Whole Foods Markets (NASDAQ:WFM), the upscale grocery store operator, reported first-quarter earnings today that blew past consensus expectations and propelled the stock to close up 5%. The results are as follows:
- First-quarter income jumped 33%
- 8.7% rise in comparable-store sales
- Operating margin grew to 5.6%
- In the first-quarter the company reported profit of $118.3 million, or 65 cents a share compared to $88.7 million, or 51 cents, in last year's fourth quarter.
- Sales increase of 13% over the comparable quarter last year
These results give tangible evidence of the company's increasing ability to stay ahead of the curve, build profitable stores, grow incremental revenue while building incremental profit projections, and appeal to a 21st century home. WFM has really got it right with its current strategy and initiatives. Burt Flickinger, managing director of Strategic Resource Group, states in an interview with Bloomberg, "[WFM] is doing everything right in terms of helping consumers live better, better food, better quality… Whether it is New England or New Orleans, people will get on their bikes and go to WFM." This type of sentiment is what separates WFM from its competition in the natural and organics marketplace. This ever-growing sector of grocery is being monopolized by WFM and there is little evidence this will stop any time soon. Just be careful the stock price does not get ahead of the company.
Why WFM is performing so well as a company:
Smaller stores=higher profit:
In retail, everything stems from the store. If a company can provide consumers with a great, friendly and warm environment to shop in, it is golden in the eyes of consumers. If a retail company can provide investors with stores that cost less to build and throw off a higher per square footage return than competition, investors are happy. For WFM, both of these attributes have taken center stage this year. A remarkable statistic is this: in 2011, the average store returned 29% more per square footage profit than those stores built in 2010. These stores are 17% smaller, on average, but still bring in hefty sales and are supported through lower operating and building costs. WFM has also made another strategic decision to build stores in less populated and more "fringe" locations that have lower rent structures. The company's co-CEO Walter Robb states,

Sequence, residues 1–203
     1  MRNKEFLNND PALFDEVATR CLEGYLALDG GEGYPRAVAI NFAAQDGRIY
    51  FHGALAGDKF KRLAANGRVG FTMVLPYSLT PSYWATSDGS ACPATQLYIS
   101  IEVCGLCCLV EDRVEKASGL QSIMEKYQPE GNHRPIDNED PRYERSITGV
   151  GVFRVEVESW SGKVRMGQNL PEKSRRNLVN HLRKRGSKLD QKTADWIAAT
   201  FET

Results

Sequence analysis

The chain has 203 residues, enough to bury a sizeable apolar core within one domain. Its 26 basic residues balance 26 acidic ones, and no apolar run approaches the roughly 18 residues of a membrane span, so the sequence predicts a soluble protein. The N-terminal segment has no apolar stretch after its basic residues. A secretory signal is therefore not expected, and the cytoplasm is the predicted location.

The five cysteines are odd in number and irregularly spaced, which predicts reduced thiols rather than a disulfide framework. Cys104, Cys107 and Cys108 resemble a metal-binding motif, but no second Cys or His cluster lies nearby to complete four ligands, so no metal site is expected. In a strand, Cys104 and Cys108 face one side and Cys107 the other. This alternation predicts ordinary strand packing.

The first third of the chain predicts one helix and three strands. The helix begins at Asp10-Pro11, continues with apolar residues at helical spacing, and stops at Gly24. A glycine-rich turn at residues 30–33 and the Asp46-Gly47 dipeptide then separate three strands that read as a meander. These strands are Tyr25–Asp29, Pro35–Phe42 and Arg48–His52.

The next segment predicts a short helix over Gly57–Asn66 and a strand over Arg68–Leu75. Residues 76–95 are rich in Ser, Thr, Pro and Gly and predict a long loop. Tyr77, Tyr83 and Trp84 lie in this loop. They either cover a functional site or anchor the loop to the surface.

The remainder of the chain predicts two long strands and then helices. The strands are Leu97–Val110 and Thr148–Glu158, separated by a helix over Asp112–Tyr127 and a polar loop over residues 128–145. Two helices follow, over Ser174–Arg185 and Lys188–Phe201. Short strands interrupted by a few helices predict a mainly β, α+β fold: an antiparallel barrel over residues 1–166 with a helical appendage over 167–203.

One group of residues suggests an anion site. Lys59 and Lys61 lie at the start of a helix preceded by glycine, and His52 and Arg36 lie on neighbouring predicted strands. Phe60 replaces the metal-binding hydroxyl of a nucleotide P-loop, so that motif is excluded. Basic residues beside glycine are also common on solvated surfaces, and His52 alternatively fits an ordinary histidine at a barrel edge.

In many cases, these markets offer less competition, allowing our differentiated store experience to stand out even more in the marketplace than it does in some of the larger more competitive markets.
These words speak to the effectiveness of the strategy WFM has been able to deliver upon. A winning and profitable format is all that is needed for a company to expand and take advantage of its market position. WFM has done this incredibly well this past year and it seems this trend will be continuing.
WFM closed the first-quarter of 2012 with 317 retail locations in the United States, Canada and the United Kingdom. This does not represent a lot of market saturation within the United States or the other two countries the company currently operates in. This bodes extremely well for investors because with a winning format, aforementioned, the prospects of saturating the natural and organic market are becoming better. John Mackey, the company's co-CEO and chairman, states, "We may not get to [the company's goal of] 1,000 stores within this decade… but it's possible it will happen before I hang them up." The company has about 25 stores planned for FY12 and has 69 in the pipeline. This marks an exceptional level of growth. The goal of 1,000 stores is idealistic now, but is possible if the company continues to explore international options as well as saturating the market domestically. What is exceptional about WFM is that it does not need to have 5 stores in a city, it can have one and it will thrive. This model is one that can provide the company with exceptional growth in incremental sales and profit.